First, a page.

Although this film premiered at the 2006 Toronto Film Fest where it won Best Canadian Feature, was recently voted Best Doc Feature and Best Canadian Film by the Toronto Film Critics Association, and had its U.S. premiere at the 2007 Sundance Film Festival, I didn't know anything about it, or it's subject, the renowned landscape photographer, Edward Burtynsky. From Zeitgeist's synopsis:
Internationally acclaimed for his large-scale photographs of “manufactured landscapes”—quarries, recycling yards, factories, mines and dams—Burtynsky creates stunningly beautiful art from civilization’s materials and debris. The film follows him through China, as he shoots the evidence and effects of that country’s massive industrial revolution. With breathtaking sequences, such as the opening tracking shot through an almost endless factory, the filmmakers also extend the narratives of Burtynsky’s photographs, allowing us to meditate on our impact on the planet and witness both the epicenters of industrial endeavor and the dumping grounds of its waste.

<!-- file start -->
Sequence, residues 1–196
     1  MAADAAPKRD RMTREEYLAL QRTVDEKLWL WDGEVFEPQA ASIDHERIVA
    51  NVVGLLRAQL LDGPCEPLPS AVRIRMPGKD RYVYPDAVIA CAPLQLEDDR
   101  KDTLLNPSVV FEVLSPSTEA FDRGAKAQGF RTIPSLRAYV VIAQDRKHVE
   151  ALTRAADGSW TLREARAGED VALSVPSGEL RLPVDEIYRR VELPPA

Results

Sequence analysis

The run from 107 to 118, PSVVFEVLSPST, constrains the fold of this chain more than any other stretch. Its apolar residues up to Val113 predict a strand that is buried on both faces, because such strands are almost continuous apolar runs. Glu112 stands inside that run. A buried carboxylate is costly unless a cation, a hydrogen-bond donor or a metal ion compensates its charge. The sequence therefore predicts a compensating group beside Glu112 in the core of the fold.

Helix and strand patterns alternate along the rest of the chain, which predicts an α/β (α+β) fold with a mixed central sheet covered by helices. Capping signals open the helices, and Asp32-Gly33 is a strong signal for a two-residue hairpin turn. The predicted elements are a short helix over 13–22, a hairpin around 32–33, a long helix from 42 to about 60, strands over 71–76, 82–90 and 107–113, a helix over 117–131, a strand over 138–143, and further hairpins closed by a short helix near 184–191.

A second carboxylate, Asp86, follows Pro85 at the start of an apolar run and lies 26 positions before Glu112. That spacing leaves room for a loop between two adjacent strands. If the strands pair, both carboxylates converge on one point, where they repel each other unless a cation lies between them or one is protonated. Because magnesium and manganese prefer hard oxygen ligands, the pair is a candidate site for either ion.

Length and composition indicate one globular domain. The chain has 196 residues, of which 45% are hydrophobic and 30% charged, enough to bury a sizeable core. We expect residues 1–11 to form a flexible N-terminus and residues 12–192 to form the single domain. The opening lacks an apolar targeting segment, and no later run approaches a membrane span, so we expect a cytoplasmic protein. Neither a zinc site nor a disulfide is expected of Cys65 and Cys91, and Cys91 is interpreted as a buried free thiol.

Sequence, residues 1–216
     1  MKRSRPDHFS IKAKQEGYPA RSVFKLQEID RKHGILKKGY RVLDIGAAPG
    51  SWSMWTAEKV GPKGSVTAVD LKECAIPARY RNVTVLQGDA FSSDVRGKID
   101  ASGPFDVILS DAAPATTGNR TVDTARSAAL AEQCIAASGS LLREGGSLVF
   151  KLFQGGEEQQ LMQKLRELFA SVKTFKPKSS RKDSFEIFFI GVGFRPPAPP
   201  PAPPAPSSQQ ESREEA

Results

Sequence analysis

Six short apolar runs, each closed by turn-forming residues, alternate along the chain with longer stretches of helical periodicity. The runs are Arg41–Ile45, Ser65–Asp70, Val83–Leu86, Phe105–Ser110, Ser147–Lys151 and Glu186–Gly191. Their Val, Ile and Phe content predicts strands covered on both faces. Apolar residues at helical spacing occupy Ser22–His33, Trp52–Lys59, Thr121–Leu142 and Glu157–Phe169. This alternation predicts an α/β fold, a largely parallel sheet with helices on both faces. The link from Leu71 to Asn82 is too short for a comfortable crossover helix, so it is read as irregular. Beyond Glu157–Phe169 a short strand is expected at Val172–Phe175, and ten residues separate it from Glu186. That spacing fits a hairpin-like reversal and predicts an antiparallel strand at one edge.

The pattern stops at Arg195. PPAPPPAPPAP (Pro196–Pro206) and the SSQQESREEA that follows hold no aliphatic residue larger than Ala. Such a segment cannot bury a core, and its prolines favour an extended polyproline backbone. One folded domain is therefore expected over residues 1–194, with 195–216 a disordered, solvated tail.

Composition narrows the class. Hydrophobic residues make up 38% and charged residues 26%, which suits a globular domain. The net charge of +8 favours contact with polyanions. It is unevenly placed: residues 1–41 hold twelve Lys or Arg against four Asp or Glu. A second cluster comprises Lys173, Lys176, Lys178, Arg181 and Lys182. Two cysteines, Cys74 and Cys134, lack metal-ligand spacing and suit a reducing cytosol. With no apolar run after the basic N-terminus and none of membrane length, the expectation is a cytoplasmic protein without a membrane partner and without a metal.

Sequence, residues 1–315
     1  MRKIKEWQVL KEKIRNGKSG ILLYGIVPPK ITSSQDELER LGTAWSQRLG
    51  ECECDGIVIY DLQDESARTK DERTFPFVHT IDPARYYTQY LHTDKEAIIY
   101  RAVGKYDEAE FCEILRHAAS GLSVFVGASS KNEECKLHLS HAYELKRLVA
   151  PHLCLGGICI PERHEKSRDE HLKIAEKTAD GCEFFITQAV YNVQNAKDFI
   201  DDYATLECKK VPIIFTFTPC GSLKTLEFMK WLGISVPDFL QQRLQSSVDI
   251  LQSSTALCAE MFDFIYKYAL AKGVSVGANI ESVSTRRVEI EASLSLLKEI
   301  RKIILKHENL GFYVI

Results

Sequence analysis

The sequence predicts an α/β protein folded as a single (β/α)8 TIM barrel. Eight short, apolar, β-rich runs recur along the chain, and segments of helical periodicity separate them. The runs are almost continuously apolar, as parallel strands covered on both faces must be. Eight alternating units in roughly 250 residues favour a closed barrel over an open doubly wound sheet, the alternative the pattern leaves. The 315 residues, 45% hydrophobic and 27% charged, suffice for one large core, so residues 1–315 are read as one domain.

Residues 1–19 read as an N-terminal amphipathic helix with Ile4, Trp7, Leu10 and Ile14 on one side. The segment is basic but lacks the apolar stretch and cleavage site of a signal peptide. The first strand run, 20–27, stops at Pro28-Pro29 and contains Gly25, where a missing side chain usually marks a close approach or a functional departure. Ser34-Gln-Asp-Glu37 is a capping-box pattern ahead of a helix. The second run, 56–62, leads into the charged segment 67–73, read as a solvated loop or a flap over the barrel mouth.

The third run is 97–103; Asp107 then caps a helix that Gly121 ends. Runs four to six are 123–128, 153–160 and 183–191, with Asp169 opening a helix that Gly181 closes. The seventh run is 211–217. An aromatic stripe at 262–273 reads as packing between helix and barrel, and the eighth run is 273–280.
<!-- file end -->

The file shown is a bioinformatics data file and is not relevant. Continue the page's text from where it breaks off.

It's a tremendous film - a rare example where the documentary's style perfectly matches the work of the subject. It's gorgeous, reverent, and provocative. The scenes of the Chinese factory alone are unforgettable, reminiscent of the brilliant precision of Chris Smith's still undistributed classic, American Job, -- multiplied exponentially. Keep your eye out for it. Seek it out. This film is a must-see.